Top tier beverage manufacturers consider water a ‘food.’ These manufacturers therefore apply the practices detailed in the Food Machinery Directive (EU) — or its local equivalent — to their water treatment systems; notably designing and maintaining the systems in-line with the European Hygienic Engineering and Design Group (EHEDG) guidelines or its local equivalent.
As well as underpinning the safety of the final product, hygienic water treatment systems also contribute to environmental goals as they usually consume less water and chemicals as the frequency of CIP procedures is reduced. This also translates into increased uptime and productivity.
Compliance ‒ Potable water
The water treatment system must comply with potable water directives as the water produced by the system is intended for human consumption. As such, the water treatment equipment must employ potable water certified instruments, equipment, materials and chemicals in order to be compliant.
Supporting food and beverage producers to implement sustainable solutions
A leading multinational food and beverage company that produces a wide range of hot and cold drinks for consumption worldwide, opened a new Irish beverage concentrate manufacturing facility in 2021. The key requirement was a sustainable system that could meet food grade specifications.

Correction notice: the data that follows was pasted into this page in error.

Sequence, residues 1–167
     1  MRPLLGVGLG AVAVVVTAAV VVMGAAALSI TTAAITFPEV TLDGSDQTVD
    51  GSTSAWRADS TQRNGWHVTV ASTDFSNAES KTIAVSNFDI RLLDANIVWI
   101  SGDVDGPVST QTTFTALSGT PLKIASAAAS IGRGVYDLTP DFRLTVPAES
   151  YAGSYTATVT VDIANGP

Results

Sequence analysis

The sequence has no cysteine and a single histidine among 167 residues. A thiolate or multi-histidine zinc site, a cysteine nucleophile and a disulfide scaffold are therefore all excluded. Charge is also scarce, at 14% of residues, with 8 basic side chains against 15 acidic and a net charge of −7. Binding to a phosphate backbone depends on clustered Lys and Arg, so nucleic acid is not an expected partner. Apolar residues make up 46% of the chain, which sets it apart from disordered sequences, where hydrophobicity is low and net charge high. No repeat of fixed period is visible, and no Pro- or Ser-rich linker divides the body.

Veolia Water Technologies carried out the design, installation and commissioning of their system which is capable of producing a large volume of reverse osmosis ingredient water with the capability to enable 24/7 production
Discover our technologies for ingredient water treatment
Hygienic water treatment systems ensure maximum product quality and safety in beverage production while reducing operating costs and risks.
Would you like more information about our technologies for ingredient water?
Ingredient water can even be produced from Nile river water. We have the know-how on how to design an efficient process according to the strict food and beverage specifications, with minimized cleaning times and without any risk of contamination.
Chief Technical Officer
Veolia Water Technologies Germany
Contact Thomas through his LinkedIn account